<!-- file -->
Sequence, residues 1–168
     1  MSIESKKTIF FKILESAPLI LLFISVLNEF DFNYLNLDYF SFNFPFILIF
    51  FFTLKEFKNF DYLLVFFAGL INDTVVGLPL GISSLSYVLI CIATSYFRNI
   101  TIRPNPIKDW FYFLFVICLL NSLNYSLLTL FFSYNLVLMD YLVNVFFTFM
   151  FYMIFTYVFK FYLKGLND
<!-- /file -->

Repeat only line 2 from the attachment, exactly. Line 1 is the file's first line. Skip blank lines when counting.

     1  MSIESKKTIF FKILESAPLI LLFISVLNEF DFNYLNLDYF SFNFPFILIF